with Arabic translation
In recent years, persons, vessels, and corporations based in or tied to the People’s Republic of China (PRC) have reportedly engaged in illicit maritime activities around the globe. The reported illicit maritime activities of PRC actors are often at odds with Beijing’s rhetoric expressing support for international maritime laws (including the United Nations Convention on the Law of the Sea, or UNCLOS), rules, and norms. Unless it is addressed, this gap between Beijing’s rhetoric and the behavior of PRC actors has the potential to undermine the global system of international laws, norms, and conventions that govern the maritime domain.
To examine possible contradictions between the PRC’s official rhetoric and the illicit transnational maritime activities reportedly carried out by PRC-based actors, CNA examined 15 cases in which PRC actors have been accused of illegal behavior in the maritime domain between 2018 and 2021. For each case, we examined the following:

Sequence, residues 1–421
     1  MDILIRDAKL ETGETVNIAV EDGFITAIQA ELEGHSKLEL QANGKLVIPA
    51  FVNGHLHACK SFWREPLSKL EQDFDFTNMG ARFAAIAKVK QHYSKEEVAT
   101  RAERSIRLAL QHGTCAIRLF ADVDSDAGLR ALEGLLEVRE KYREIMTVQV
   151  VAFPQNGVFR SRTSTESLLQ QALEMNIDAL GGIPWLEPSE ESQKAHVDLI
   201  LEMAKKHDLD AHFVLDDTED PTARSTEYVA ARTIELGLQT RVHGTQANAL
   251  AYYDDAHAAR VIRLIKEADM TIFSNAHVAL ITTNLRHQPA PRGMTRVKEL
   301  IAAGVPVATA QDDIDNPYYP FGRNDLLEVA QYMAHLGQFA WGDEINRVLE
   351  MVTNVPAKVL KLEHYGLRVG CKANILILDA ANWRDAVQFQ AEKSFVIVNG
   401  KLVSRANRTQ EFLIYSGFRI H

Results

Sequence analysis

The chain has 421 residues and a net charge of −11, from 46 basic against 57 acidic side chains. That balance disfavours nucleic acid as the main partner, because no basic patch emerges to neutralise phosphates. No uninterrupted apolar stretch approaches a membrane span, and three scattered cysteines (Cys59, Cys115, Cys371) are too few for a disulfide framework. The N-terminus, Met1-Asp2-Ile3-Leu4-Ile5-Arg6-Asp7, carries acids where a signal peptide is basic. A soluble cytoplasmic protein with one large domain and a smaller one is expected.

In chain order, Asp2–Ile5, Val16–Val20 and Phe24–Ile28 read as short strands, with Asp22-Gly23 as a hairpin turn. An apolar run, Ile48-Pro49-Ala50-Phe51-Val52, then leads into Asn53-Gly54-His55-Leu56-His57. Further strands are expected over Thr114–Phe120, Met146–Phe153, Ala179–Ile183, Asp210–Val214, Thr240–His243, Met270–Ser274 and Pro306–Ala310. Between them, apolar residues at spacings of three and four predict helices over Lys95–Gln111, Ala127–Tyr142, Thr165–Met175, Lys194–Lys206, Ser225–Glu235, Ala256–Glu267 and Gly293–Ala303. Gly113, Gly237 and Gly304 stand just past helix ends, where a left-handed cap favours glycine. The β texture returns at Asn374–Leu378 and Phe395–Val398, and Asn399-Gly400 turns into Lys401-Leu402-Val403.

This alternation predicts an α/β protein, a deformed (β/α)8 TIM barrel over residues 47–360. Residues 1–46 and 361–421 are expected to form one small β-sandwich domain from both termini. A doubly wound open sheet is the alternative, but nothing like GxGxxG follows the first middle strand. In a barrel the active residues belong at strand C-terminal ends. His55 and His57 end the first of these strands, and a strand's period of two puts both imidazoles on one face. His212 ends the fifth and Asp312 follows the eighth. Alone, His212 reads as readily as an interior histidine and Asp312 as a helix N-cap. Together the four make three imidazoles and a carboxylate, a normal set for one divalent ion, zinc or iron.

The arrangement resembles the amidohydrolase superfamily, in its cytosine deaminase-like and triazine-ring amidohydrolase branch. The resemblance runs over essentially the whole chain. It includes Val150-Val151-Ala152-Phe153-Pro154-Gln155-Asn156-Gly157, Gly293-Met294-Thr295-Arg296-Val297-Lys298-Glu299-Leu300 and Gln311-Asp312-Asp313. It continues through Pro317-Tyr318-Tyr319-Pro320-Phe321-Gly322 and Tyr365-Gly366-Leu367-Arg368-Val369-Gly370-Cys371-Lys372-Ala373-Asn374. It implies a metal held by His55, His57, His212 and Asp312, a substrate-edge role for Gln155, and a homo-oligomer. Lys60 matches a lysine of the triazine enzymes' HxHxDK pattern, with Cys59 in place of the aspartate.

- The alleged illegal PRC activity and the types of PRC actors involved
- PRC official policies and narratives about that type of activity (e.g., illegal, unregulated,and unreported (IUU) fishing or human trafficking)
- International, local, and PRC laws, policies, and norms at risk of subversion by thealleged activity
- PRC officials’ and media responses to these incidents
This document contains the original English-language version and an Arabic translation of CNA's case study examining a 2020 incident in which a PRC-flagged trawler entered an area restricted to artisanal fishing where industrial trawlers are prohibited and rammed a Mauritanian fishing vessel at night, killing three of its crew.Download full report
DISTRIBUTION STATEMENT A. Approved for public release: distribution unlimited.
This work was performed under Cooperative Agreement/Grant Award Number: SGECPD19CA0026.
This project has been supported by funding from the U.S. Department of State.
- Pages: 12
- Document Number: IIM-2021-U-031290-Final
- Publication Date: 12/1/2021